Venezuela's minimum monthly salary is 15,051 bolivares, which a government subsidy for all workers bumps up to nearly 18,600 bolivares. But no matter how you cut it, it's barely enough to live on.
Under the strongest official exchange rate given by the government -- where 10 bolivars equals $1 -- that would theoretically be equivalent to $1,500. Except that rate is reserved for importing basics like essential food and medicine.
There is another, floating rate called the DICOM, which applies to purchases by international credit cards, for instance. That fetches 452.08 bolivares.
But for ordinary Venezuelans who neither import food nor carry around a foreign credit card, the rate they face on the streets is far, far worse.
It's 1,000 bolivares to $1, and that's a costly exchange that's applied to just about anything that is imported or requires imported ingredients. Which means most goods in Venezuela, which has long relied on its oil wealth to bring in what it needs.
Under that rate, a minimum-wage earner is bringing back just under $20 per month.
Even for Venezuelans pocketing more than that, the hyperinflation hitting their bolivares makes conditions unthinkably expensive.
That means the middle class, most of it sliding into poverty, sees anything but food purchases as a luxury.
"Everybody is knocked low," Michael Leal, a 34-year-old manager of an eyewear store in Caracas, told AFP. "We can't breathe."
- Shuttered stores -
In Chacao, a middle-class neighborhood in the capital, office workers lined up outside a nut store to buy the cheapest lunch they could afford. Nearby restaurants were all but empty.
Superficially it looks like the center of any other major Latin American city: skyscrapers, dense traffic, pedestrians in short sleeves bustling along the sidewalks.
But study it more closely and you can see the economic malaise. Many stores, particularly those that sold electronics, are shuttered.
It's horrible now," said Marta Gonzalez, the 69-year-old manager of a corner beauty products store.
"Nobody is buying anything really. Just food," she said, as a male customer used a debit card to pay for a couple of razor blades.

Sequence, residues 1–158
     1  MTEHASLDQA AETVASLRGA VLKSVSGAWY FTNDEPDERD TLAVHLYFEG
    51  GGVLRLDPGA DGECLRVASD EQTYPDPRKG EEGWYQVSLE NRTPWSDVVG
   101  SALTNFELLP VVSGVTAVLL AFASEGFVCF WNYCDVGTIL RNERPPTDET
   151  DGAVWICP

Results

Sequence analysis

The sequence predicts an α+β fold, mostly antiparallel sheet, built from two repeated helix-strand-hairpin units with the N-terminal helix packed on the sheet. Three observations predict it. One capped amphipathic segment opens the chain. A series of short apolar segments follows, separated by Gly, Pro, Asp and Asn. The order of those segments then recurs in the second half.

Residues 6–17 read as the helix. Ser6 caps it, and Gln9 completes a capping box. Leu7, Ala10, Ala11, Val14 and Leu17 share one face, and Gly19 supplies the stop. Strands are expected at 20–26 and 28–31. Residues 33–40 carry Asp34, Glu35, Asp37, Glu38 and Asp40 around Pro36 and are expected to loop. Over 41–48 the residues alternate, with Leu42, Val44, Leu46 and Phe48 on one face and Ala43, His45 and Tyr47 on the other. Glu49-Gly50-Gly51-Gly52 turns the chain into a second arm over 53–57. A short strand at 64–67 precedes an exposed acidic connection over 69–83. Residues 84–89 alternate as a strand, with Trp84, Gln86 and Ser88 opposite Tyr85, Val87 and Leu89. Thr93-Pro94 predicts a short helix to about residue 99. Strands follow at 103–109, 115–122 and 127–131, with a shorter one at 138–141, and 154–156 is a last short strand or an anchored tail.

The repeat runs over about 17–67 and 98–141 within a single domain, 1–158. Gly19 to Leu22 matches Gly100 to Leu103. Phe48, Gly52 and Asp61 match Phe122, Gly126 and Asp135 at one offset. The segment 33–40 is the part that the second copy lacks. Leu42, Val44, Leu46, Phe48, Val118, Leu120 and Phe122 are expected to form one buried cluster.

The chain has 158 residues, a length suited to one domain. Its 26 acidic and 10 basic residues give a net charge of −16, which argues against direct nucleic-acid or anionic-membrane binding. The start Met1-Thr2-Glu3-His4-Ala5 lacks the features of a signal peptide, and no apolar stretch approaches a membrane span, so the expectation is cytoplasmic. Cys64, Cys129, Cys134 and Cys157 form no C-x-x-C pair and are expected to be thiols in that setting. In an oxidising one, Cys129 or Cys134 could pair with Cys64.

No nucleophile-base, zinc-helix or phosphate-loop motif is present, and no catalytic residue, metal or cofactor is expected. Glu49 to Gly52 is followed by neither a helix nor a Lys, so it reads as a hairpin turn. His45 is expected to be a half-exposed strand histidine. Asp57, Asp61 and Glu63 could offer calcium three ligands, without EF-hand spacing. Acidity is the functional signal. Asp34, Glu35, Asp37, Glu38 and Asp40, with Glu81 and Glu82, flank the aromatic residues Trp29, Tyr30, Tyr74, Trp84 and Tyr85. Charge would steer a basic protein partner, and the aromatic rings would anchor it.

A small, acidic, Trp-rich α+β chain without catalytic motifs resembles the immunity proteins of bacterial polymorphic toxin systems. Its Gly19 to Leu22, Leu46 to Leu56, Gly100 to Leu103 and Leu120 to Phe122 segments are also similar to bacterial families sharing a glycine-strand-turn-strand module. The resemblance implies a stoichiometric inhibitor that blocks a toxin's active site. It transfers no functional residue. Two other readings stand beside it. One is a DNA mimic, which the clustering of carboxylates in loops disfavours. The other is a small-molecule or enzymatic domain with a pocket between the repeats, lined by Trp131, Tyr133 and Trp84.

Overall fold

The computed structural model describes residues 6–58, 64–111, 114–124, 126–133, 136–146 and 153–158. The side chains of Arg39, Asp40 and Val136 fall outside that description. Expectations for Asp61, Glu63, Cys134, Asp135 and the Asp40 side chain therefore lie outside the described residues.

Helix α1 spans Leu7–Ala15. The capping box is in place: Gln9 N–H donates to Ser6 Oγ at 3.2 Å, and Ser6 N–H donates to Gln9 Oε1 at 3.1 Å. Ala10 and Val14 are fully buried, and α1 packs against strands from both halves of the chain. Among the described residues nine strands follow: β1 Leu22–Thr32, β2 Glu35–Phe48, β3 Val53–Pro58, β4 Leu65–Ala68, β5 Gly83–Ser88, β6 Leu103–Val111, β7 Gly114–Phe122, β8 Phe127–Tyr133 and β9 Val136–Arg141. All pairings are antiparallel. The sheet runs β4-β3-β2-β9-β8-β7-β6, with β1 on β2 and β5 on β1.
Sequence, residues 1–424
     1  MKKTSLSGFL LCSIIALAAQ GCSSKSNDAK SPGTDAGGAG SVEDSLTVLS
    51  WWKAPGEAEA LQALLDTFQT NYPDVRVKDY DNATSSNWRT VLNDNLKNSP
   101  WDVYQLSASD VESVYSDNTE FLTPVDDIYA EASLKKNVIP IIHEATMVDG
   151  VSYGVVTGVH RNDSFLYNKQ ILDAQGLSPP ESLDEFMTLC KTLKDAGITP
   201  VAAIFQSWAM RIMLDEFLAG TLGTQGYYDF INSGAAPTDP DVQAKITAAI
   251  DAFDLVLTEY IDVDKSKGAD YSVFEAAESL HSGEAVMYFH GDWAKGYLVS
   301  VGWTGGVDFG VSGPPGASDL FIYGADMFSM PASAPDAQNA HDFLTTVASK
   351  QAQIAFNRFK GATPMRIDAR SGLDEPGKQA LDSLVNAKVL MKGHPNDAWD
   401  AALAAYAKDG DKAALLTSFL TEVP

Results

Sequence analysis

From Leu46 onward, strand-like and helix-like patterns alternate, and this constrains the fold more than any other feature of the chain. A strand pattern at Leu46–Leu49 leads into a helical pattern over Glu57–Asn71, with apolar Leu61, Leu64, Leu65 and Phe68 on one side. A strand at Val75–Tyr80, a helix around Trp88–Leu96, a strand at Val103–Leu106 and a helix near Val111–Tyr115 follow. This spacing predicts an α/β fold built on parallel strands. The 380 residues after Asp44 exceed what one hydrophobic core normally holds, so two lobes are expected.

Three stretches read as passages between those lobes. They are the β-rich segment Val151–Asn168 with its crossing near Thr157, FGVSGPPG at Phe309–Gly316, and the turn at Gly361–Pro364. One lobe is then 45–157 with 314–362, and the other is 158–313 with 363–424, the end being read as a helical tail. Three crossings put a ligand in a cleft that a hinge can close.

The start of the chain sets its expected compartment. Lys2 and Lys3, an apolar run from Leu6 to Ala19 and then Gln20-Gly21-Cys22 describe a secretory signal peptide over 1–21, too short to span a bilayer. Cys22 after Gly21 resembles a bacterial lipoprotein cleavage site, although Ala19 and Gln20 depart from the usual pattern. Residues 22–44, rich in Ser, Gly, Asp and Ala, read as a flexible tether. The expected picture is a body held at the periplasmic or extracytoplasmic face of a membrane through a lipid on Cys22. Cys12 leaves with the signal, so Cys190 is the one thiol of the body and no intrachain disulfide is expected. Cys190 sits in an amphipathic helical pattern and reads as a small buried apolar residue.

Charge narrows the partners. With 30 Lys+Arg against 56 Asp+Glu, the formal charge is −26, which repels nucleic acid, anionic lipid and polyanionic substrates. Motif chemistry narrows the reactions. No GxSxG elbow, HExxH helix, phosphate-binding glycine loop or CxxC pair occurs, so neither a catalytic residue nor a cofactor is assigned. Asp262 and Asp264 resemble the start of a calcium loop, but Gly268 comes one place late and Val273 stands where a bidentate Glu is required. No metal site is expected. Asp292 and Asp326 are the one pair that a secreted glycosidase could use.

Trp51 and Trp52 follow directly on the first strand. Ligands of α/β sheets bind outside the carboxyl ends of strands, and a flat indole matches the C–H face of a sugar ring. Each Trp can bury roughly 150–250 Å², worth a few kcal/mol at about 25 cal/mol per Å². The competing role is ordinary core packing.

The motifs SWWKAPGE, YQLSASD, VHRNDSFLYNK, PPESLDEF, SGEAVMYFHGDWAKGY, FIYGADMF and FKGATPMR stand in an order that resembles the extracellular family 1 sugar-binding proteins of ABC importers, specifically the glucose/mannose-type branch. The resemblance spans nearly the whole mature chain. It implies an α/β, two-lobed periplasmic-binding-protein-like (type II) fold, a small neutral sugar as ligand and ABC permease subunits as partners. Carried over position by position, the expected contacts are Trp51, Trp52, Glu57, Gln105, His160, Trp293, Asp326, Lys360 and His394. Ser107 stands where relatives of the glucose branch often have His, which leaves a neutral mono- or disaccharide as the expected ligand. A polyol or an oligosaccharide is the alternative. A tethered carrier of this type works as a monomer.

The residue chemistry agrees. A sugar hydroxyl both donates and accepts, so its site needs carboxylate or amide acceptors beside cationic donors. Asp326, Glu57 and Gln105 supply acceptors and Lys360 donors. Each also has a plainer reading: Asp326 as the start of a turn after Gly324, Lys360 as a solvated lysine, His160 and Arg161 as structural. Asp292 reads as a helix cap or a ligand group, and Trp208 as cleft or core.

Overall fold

A sign above the register said "We don't accept credit cards."
- Lines for necessities -
An upmarket shopping center nearby boasted a leafy rooftop terrace, a spacious Hard Rock cafe, chain stores for Zara, Swarovski and Armani Exchange.
They were all virtually deserted except for bored sales staff.
Instead a line of around 200 people was waiting patiently in front of a pharmacy.
They didn't know what for, exactly, just that the routine now was to line up for daily deliveries of one subsidized personal hygiene product or another -- toothpaste, for instance -- and grab their rationed amount before it ran out, usually within a couple of minutes.
"We do this every week. And we don't know what we're trying to buy," said Kevin Jaimes, a 21-year-old auto parts salesman waiting with his family.
"What's frustrating is when you get into a gigantic line but they run out before you get any."
The alternative then is to turn to black market merchants who sell goods at grossly inflated rates, often 100 times more than the subsidized price tag.
Jaimes lives with his family of seven, and tries to get by on a monthly salary of 35,000 bolivares -- in reality, around $35.
That sum is too paltry for him to even think about dropping into the cinema upstairs in the center, where tickets are 8,800 bolivares.
If somehow he could, he'd find the same sort of entertainment being shown in American multiplexes: "The Jungle Book," "Captain America: Civil War," and "Angry Birds."
But motion pictures and popcorn, while maybe an enticing diversion, are luxuries Venezuelans these days can ill afford.